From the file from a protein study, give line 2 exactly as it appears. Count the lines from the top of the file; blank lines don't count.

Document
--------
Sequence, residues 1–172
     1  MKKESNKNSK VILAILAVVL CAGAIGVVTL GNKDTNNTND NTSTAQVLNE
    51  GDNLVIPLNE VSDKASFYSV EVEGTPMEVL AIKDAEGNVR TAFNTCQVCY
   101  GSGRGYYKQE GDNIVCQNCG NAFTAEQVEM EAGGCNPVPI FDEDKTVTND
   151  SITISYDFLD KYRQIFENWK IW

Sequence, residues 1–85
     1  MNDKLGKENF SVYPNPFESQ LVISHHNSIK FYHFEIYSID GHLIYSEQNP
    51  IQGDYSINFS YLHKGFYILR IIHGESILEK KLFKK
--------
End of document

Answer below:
     1  MKKESNKNSK VILAILAVVL CAGAIGVVTL GNKDTNNTND NTSTAQVLNE